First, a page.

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by Sean Griffin, January 10, 2012
Winterized Swimming Pool Maintenance
The majority of swimming pool owners would prefer to ignore their dormant swimming pool in their backyard until spring rolls around and you begin to think about taken a dip again. The winterized swimming pool will benefit from some simple and minor maintenance. Winter upkeep can ensure the pool plumbing, the pool equipment, and even the pool cover stay in good condition and will remain undamaged for years to come.
Here are some “do’s” and “don’ts” when it comes to keeping an eye on your swimming pool during the winter months that are already upon us.
When it comes time to close down the swimming pool most professional pool companies will balance the water chemistry. PH, alkalinity, calcium, cyanuric acid, and sanitizer levels should be within the proper parameters. The style of cover being used will dictate the water level and also what, if any, additional chemicals will be added. A completely solid cover that doesn’t allow sunlight or water to enter the pool will need far less maintenance.
Algae growth is less likely during colder months with a low ambient air temperature as well as a reduction to direct sunlight exposure. Algaecide is recommended to prevent algae growth over an extended period of time. A chlorine floater may be used to slowly disperse the sanitizer throughout the body of water. You will want to avoid adding algaecide to your pool water if there is a high concentration of chlorine. A high chlorine level will destroy the active ingredients in both copper and polymer based algaecides. Stain and scale preventatives will help remedy unsightly stains and scaling buildup while the pool water sits stagnant over the winter.
Refill floating chlorine dispensers. I usually tie off a floating chlorine dispenser with kite string so I can reel it back in every now and then and refill. A completely solid pool cover may not require a floater as sunlight will not enter the pool and deplete the chlorine as well as chlorine will not escape the pool water chemical makeup.
Test water chemistry monthly with a Taylor test kit. When the temperature rises in the spring you may consider testing more frequently. The closer you get to summer time the more likely you’ll start to develop some problematic pool water.
Add algaecide as needed. The amount of phosphates and previous algae outbreak issues will dictate how frequently you will want to introduce additional algaecide.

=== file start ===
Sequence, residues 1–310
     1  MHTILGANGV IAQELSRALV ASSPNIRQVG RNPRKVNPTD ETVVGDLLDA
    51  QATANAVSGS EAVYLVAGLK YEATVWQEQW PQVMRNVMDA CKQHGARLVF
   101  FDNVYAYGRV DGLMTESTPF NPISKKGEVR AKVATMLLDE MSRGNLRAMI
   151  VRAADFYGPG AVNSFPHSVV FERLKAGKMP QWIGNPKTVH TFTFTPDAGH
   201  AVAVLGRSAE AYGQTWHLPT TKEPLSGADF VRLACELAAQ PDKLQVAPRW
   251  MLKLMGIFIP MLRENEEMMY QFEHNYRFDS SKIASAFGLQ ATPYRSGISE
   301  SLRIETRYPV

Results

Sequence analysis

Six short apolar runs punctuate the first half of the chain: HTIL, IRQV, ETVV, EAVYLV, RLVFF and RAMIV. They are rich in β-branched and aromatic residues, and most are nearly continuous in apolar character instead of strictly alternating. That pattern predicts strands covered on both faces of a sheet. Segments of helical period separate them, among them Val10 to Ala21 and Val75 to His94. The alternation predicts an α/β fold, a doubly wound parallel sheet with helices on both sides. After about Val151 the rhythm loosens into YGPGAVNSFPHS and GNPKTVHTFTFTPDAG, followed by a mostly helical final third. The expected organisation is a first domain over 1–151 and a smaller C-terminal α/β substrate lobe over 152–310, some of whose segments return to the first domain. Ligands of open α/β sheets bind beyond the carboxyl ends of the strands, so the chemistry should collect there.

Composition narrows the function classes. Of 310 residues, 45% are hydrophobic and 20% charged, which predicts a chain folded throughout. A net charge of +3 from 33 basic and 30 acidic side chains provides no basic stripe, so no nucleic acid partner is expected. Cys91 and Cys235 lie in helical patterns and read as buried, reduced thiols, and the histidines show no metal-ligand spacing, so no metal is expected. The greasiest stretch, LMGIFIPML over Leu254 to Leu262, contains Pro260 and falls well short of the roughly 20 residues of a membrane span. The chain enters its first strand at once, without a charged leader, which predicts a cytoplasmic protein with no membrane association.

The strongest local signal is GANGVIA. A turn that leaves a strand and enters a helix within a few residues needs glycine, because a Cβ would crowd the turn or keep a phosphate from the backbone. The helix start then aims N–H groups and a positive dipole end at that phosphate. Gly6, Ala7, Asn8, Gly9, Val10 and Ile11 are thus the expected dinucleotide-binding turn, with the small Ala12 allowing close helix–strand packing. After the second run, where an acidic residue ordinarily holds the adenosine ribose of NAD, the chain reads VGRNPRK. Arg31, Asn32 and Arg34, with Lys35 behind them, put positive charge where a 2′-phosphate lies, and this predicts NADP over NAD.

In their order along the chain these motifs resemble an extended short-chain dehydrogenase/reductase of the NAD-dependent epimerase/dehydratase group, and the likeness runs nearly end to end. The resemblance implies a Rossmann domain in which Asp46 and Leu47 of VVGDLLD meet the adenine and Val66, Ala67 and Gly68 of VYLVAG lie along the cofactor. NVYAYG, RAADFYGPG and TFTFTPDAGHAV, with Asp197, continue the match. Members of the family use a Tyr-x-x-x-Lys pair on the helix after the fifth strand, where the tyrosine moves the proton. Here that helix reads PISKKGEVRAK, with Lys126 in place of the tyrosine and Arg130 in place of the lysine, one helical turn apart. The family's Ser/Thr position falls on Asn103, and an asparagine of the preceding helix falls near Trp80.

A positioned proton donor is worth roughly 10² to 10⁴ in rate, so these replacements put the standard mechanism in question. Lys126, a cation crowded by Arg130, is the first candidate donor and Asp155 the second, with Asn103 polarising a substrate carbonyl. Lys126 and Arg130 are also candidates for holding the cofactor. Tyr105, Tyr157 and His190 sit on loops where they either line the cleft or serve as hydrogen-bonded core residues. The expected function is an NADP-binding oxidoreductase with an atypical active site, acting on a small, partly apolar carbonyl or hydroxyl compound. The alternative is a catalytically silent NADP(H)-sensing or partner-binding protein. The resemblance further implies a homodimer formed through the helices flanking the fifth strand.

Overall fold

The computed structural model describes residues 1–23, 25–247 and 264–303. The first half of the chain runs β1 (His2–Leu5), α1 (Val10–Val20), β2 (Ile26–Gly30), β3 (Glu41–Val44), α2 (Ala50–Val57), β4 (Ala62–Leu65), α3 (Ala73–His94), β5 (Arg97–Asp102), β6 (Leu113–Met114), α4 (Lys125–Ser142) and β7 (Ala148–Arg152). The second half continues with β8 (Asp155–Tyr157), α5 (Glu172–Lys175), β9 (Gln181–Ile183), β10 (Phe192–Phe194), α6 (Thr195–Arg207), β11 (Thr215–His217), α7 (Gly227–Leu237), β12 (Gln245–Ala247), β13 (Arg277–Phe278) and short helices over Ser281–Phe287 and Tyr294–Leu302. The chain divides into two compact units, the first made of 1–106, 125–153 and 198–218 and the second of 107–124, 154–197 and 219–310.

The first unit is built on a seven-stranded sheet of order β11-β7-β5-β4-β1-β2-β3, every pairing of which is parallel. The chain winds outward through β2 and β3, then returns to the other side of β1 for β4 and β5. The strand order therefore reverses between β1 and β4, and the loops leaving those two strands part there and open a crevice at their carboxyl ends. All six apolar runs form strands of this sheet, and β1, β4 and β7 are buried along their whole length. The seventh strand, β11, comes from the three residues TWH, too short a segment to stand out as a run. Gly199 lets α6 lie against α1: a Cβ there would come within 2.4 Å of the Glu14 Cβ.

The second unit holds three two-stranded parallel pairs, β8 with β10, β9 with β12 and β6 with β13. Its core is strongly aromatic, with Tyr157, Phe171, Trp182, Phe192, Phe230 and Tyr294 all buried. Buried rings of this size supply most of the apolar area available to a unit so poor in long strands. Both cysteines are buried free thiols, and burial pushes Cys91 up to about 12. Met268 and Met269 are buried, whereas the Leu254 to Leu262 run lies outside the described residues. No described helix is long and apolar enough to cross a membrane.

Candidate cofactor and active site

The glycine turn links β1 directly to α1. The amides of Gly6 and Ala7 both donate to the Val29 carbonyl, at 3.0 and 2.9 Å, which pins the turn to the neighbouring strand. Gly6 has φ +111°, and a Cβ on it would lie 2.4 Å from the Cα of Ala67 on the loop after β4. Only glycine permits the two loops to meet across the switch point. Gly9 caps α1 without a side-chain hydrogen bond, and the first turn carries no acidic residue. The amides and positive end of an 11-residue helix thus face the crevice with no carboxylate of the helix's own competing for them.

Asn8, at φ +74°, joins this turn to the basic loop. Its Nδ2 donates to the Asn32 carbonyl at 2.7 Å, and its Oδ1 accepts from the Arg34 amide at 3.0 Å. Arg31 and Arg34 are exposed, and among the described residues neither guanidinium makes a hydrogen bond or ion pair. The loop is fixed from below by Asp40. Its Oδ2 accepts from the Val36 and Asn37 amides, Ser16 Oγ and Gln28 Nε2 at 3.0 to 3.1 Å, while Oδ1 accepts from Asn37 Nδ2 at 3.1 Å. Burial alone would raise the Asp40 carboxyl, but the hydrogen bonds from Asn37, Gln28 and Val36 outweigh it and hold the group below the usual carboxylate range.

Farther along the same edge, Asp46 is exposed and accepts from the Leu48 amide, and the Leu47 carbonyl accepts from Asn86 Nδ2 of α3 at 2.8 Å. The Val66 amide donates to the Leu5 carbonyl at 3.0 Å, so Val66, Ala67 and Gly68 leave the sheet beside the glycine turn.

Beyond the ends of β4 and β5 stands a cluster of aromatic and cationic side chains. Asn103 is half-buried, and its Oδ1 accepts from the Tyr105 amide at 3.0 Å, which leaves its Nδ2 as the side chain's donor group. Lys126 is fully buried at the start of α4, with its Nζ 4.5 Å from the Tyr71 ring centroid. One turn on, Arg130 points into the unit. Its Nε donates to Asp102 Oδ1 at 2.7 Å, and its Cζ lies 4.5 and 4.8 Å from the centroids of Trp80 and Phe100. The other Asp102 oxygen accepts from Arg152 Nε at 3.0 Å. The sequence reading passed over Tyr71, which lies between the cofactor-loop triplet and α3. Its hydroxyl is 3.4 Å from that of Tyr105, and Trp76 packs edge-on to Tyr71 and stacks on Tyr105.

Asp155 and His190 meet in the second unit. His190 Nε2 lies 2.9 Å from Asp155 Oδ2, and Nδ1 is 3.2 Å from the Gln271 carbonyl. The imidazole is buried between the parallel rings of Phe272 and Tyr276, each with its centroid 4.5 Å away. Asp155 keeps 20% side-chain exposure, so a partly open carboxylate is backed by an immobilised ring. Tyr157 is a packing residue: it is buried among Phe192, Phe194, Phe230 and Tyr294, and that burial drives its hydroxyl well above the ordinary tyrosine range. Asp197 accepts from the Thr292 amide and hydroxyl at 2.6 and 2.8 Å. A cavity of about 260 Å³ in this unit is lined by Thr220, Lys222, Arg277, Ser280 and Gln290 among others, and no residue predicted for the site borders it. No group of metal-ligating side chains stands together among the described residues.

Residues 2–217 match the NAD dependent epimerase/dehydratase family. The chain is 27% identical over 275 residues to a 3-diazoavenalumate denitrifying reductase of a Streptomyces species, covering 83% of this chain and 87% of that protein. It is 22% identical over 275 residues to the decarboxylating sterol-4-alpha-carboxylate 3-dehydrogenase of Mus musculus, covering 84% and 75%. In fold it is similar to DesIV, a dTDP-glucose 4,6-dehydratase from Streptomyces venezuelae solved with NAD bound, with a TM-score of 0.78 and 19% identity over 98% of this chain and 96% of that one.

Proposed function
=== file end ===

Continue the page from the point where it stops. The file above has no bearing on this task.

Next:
Never super shock the pool water until you have the ability to leave some of the pool uncovered. Gassing-Off can occur underneath the pool cover and lead to the early deterioration of the pool cover. If algaecide is present in the water it will be rendered useless. Never mix any algaecide or Chlorine based products in or out of the pool water.
When a pool is properly winterized all water is removed from the plumbing lines and all of the pool equipment. Although maintenance is not required a quick visual is all the inspection needed during the winter. The presence of ice or any freeze damage is an indication of an improperly winterized swimming pool. If any cracked plumbing calls for a repair you may need to set up a space heater to thaw out your work area. This is very common when a year round portable spa develops a leak. Some winter tips for around the swimming pool equipment would include…….
Make sure there is no presence of ice around any pool equipment. You may even check for any hairline cracks.
Make sure rodents have not nested in any pool equipment. Mice are known to live inside the firewall that is within swimming pool heaters
Make sure power has remained off and the pumps are not set to come on at any point the plumbing lines do not have water. You could possibly burn out a shaft seal or melt pump components.
There are several ways to cover your swimming pool in the winter months. Solid tarp style cover weighted down around the pool by water bags, mesh safety covers, and even complete solid safety covers that are secured to anchors that are permanently drilled into the decking surrounding the swimming pool. As a pool owner your goal should be to remove any fall time debris that may have accumulated on the pool cover. For mesh safety covers that allow water to drain through them and into the pool water this will prevent having concentrated sediment that contains phosphates from “mucking” up your pool water. Leaves that sit on a pool cover will deteriorate and end up in your pool water. For a solid cover a large quantity of leaves can hinder the cover pump which is vital in removing standing water. Keeping the cover clean will ensure years of use and assist in springtime cleanup.
If you have snow accumulation or layers of ice on your pool cover….DO NOT TOUCH!!! Trying to adjust your pool cover with a large weight load or with ice sheaths with sharp edges can lead to damage. Ensure your cover pump is continuing to work over time and make sure any cover hardware or water bags are replaced when they are damaged. Let snow and ice melt before removing cover or attempting to lower the water. The actual water level beneath any pool cover is designed to support the extra weight provided by frigid mother-nature.
Never adjust water level or attempt to move any style of pool cover when ice, snow, water or excessive leaves are present.
Ensure the automatic cover pump remains in good working condition and is free from obstructing debris.
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